Google Nest Protect Smoke Alarm and Carbon Monoxide Detector

The wired version of the Google Nest also eliminates the loud screeches indicating low battery life. That means there’s no chance of your Nest waking you or your loved ones in the middle of the night!

Midnight wake-ups are also a problem of the past with the battery-powered Nest Protect. The device checks its own batteries each night and gives you a Nightly Promise that it will work until morning. The battery-powered Nest Protect also send text messages when the battery is running low to ensure that someone can safely get fresh batteries installed before an unwelcome midnight reminder!

Smoke and carbon monoxide alarms are essential safety tools for any home. The intelligent versions of these devices are smart home upgrades for aging in place that require a limited tech interface, which makes them suitable for a wide range of older adults. With features such as motion-sensor lighting available as bonuses, an upgraded smoke alarm/carbon monoxide detector is a great tool to help older adults stay safe in their homes.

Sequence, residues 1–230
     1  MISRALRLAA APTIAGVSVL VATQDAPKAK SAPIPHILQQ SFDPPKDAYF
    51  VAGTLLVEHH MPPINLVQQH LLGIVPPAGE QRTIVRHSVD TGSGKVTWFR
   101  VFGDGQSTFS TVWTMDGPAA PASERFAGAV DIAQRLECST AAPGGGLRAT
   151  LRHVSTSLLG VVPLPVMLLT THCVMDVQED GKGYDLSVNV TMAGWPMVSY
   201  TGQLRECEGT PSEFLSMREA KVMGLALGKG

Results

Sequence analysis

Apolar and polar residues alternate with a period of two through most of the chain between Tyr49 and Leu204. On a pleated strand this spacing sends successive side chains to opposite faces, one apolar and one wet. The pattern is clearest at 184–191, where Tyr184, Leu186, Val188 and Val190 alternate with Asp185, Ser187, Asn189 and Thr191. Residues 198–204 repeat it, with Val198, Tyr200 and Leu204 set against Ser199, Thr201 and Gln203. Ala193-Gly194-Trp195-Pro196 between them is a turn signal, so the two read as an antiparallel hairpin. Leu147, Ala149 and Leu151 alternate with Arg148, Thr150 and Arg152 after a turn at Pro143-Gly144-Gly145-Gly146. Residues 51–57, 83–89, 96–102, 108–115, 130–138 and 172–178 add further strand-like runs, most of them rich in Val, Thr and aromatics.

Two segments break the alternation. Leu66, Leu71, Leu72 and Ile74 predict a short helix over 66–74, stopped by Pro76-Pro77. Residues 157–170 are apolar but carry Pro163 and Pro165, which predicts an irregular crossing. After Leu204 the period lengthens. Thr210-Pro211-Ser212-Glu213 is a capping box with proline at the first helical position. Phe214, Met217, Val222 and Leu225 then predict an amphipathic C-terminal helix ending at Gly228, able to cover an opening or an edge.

Smart Home Upgrade for Aging in Place #5: Smart Contact Sensors

A common phenomenon Dr. Kernisan has discussed on the Better Health While Aging podcast is that the children of seniors are often more concerned about the perils of aging than the seniors themselves. As a result, if a senior decides to age in place, their children or loved ones may want a way to check on them. While a video system could be tempting in this tech-heavy age, it is important to respect a senior’s privacy and independence, and many individuals will find a video monitoring system to be far too intrusive.

That’s where smart contact sensors come into play. The simplest of these sensors can monitor if a door, window, cabinet, or drawer opens, while other versions work as floor mats.